Java Null – 7 Unknown Facts about Null in Java

Before we talk about null in Java, let us go back a few steps and recall what variables in Java are.

Well, simply speaking, they can be thought of as tumblers. And the value of those variables is the water inside the tumbler. Makes sense.
Now, how many types of variables were there?

Well, classifying broadly, there were 2 types.

  1. Reference types
  2. Primitive types

Primitive types are the ones that would hold values, and reference types are the ones that can store references.

Null in Java

Since we just read about primitive and reference types in Java, let’s break down a few points.

When primitive values do not have a value explicitly mentioned by the programmer, the default value is stored based on the data type of the variable.

For example, an uninitialized int variable will have 0 as the default value, a boolean variable will have false as the default value and so on…

But what will the reference variables have if they are not explicitly referencing an object in memory? Yes, you guessed it! They would store null!

This is exactly why we need null in Java. It is used for representing references when they are not pointing to any objects in memory. It has a special purpose.

In java, null is literal. It is the same as true or false. It has a special meaning. Many people confuse it with an identifier or a keyword.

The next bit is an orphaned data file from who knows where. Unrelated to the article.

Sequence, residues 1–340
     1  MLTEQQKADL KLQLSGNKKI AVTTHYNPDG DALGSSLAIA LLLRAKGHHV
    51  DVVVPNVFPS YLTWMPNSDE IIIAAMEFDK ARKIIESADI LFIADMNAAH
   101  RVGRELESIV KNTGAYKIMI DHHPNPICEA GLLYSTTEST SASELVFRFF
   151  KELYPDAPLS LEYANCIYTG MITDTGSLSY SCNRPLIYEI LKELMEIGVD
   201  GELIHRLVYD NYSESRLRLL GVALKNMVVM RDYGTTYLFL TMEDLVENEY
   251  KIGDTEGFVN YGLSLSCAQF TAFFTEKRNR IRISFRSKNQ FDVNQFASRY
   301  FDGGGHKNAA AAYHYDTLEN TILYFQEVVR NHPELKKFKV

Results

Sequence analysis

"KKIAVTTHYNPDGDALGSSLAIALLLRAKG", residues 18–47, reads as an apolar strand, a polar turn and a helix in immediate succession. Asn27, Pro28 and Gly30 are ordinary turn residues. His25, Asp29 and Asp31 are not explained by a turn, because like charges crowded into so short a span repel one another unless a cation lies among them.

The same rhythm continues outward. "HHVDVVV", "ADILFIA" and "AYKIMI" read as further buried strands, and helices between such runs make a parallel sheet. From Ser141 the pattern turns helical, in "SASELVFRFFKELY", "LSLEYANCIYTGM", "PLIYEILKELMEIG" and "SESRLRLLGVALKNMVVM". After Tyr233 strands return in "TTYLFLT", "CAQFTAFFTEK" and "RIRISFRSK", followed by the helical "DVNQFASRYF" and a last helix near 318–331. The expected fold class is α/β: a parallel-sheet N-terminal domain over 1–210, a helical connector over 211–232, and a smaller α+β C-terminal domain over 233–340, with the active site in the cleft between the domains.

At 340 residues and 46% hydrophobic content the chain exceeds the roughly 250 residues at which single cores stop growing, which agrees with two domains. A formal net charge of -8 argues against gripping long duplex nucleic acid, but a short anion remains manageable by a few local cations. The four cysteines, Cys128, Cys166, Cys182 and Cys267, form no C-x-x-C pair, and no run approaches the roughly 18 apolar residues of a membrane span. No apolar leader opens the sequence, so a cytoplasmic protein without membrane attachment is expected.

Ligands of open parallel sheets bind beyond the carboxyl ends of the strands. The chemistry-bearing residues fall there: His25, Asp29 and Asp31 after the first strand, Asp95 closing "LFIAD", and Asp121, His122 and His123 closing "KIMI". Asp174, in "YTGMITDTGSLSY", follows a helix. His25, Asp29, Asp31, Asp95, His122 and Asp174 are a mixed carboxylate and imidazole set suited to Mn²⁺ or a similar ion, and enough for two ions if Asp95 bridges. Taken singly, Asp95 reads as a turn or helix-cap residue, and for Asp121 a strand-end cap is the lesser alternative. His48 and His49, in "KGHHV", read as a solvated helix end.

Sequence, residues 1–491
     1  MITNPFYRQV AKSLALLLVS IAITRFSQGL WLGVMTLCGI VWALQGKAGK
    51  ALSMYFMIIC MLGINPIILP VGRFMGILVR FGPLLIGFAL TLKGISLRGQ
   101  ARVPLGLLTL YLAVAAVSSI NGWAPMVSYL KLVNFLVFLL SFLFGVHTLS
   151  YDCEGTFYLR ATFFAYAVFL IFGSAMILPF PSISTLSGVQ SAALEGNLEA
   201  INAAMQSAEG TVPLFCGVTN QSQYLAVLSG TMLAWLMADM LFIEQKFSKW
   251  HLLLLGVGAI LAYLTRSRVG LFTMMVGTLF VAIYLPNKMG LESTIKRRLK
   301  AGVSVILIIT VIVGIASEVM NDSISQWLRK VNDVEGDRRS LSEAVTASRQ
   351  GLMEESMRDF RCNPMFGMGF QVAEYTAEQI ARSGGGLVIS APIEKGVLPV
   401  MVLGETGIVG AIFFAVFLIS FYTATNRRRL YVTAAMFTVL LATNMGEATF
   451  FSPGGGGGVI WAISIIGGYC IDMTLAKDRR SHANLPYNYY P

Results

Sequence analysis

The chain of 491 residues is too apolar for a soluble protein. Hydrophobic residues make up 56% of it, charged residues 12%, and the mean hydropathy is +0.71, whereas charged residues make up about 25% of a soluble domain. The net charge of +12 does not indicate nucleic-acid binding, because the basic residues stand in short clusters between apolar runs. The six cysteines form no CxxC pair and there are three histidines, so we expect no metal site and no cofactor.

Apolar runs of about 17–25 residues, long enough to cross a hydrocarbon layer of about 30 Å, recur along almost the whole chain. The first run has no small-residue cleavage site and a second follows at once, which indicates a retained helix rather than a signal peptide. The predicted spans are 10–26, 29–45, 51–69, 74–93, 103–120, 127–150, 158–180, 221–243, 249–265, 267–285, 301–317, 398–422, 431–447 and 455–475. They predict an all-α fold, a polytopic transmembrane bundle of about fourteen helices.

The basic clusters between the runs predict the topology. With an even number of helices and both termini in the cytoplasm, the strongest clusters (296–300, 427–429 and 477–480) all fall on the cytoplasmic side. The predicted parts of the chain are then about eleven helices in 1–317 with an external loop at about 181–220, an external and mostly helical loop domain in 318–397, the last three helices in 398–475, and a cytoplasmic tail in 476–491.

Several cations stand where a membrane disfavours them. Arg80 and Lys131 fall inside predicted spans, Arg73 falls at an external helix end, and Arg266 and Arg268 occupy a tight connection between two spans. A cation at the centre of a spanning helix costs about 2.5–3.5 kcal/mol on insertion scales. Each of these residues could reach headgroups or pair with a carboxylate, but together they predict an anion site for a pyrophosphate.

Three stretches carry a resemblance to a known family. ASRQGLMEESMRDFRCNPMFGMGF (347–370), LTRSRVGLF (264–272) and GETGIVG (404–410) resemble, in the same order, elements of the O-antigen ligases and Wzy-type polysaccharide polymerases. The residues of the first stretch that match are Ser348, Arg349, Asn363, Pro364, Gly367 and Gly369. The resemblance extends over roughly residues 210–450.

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Important Facts about Null

There are some facts that are essential to know when you are working with null in Java.

  • Null is case-sensitive in nature. This means that you cannot expect NULL to be a “literal” in Java. It’s the same as true and false. These have individual meaning.
  • All reference variables have null as their default value.
  • The compiler is unable to unbox null objects. It throws a NullPointerException.
  • Null is not an instance of any class. Hence a null value will return false if used with the instanceOf operator.
  • Static methods are callable with a reference of the null type.
  • You cannot call non-static methods with a reference of the null type.
  • You can use == and != comparisons with null types in Java.

Java Null Pointer Exception

When the program tries to access a part of the memory which is not initialized by default, then the compiler throws a null pointer exception.

Simply speaking, this is possible when you try to access the 100th element of an array of 50 elements.

Java example to evaluate all the facts of null:

package com.dataflair.javanull;


public class Main
{
    
    private static Object a;
    public static void staticmethodtest()
    {
        System.out.println("This is a static method! ");
    }
    public void nonstaticmethodtest()
    {
        System.out.println("This is a non-static method!");
    }
    public static void main(String[] args) {
        Integer i = null;//null is a reserved word

        //Returns error-> Integer j=NULL;//NULL is invalid.
 
        System.out.println("The default value of a is "+a);

        Integer value1=null
;
        //Returns error -> int value=value1; Cannot unbox null type.